I can immediately discern three ways to invoke creativity:
1. History extrapolation 2. Technological extrapolation 3. Intellectual extrapolation
Creativity is like an extrapolation of what has been. It is a reflection of something new created with ties to the history, science, and logic (the intellect). Creativity requires consuming, thinking, and producing.
One of my blog readers posed these questions. I’ll use the next few weeks to answer them.
1. Conflict/tension between characters 2. Character presentation (appearance, speech, behavior, gestures, actions) 3. Change, complexity of relationship, and relation to issues/theme 4. Evolving vs static character 5. Language and style 6. Verbal, gesture, action 7. Words employed 8. Sentence length 9. Complexity 10. Type of grammar 11. Diction 12. Field of reference or allusion 13. Tone 14. Mannerism suggest by speech 15. Style 16. Distinct manner of writing or speaking you employ, and why (like Pinter’s style includes gaps, silences, non-sequitors, and fragments while Chekhov’s includes ‘apparent’ inconclusiveness).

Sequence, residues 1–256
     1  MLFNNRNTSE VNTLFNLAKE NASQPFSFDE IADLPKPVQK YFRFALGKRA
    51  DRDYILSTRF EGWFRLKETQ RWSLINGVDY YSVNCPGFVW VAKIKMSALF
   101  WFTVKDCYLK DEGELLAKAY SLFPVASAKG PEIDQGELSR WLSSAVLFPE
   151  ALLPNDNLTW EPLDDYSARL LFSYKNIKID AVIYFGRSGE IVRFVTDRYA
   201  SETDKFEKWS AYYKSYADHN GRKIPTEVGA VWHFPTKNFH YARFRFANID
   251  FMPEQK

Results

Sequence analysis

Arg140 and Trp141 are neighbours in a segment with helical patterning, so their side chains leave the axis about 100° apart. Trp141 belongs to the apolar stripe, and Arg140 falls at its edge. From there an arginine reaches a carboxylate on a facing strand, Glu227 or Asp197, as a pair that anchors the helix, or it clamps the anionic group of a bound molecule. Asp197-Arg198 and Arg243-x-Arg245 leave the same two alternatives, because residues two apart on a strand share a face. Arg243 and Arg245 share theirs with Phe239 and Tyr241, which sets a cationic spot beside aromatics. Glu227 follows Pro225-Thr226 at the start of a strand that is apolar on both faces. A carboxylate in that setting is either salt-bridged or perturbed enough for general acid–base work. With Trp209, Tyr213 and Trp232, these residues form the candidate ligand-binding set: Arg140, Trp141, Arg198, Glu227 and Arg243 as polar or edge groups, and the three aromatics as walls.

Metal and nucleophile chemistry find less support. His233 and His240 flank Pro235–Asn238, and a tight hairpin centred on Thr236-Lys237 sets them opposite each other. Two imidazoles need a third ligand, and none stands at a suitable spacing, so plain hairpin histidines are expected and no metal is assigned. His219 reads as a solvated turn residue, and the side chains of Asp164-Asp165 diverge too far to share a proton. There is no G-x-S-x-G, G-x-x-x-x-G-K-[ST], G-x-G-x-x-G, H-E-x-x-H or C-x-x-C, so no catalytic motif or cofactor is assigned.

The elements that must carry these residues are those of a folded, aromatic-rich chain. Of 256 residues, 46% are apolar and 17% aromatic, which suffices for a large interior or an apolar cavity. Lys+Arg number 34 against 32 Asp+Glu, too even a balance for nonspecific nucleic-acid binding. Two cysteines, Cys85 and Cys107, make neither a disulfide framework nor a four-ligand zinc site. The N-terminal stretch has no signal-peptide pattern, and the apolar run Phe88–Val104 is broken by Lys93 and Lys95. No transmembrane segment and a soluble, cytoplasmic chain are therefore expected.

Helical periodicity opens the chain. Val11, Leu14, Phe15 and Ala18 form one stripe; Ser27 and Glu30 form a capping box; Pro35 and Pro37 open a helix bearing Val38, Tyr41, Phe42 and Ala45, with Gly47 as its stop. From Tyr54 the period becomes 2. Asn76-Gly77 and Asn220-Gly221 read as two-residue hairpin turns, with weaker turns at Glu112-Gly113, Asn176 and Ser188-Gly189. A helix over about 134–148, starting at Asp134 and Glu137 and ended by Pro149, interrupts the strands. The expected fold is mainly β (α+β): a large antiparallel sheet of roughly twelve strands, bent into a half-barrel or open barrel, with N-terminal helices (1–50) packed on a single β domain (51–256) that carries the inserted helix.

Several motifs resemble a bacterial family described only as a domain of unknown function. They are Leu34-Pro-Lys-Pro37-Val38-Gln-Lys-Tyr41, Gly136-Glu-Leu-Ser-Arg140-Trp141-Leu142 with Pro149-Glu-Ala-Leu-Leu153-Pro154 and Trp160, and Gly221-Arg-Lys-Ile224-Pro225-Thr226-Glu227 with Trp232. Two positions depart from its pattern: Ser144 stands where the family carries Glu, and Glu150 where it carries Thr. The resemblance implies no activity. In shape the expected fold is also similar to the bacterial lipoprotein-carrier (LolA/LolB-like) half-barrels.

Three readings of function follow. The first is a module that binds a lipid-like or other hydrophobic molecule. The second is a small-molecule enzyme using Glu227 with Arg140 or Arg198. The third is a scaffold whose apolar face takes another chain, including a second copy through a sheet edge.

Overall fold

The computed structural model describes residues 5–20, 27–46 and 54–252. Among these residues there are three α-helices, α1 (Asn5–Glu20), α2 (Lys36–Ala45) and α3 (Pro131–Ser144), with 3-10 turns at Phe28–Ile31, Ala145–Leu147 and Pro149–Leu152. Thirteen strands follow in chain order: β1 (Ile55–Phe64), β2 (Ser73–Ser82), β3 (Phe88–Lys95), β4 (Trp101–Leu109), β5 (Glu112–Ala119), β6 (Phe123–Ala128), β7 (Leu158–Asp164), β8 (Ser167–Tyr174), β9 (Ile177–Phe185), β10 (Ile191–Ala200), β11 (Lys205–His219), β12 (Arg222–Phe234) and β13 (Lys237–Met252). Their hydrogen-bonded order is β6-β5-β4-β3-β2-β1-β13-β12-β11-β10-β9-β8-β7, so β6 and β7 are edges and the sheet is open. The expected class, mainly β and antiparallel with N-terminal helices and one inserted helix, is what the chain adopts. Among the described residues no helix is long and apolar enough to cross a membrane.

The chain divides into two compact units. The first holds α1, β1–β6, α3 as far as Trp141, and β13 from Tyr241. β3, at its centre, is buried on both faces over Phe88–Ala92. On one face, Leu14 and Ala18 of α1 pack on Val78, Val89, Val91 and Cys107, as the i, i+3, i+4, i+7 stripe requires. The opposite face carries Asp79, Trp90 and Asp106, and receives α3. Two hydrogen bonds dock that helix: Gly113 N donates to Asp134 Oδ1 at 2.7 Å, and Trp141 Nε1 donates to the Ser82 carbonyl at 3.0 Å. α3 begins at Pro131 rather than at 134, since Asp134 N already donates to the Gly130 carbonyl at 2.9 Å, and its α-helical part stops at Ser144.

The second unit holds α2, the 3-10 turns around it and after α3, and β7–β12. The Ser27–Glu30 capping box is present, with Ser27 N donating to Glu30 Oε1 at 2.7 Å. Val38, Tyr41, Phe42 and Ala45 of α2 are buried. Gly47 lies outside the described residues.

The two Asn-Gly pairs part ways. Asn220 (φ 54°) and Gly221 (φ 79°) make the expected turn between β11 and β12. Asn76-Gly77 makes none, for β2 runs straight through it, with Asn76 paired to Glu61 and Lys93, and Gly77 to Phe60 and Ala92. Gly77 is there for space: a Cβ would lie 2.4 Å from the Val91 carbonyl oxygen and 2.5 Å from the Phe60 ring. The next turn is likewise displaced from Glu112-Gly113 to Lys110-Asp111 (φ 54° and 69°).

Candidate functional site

Moving on to 2. 2. Character presentation (appearance, speech, behavior, gestures, actions)
An author develops a character first and then reveals the character through the plot. Plot revelation is what it is all about. We do not reveal characters by telling. First develop, then reveal.
There is much more to Essie and Mrs. Lyons than I told you here. In fact, there is a whole novel’s worth of revelation about Essie and Mrs. Lyons–that’s the point of writing a novel and what it means to reveal a character. The development just outlines the person for the author, the novel itself brings the character to life, and that is the entire point of character revelation.
Once an author has developed a character, the author can begin revelation. Remember, we don’t tell–we only show. You can begin character revelation with description. Only describe what the reader can see–nothing else. Then use conversation to introduce the character. You can also introduce the character with description. Here is an example of a protagonist introduction at the beginning of a novel. This is from Warrior of Darkness a yet unpublished novel.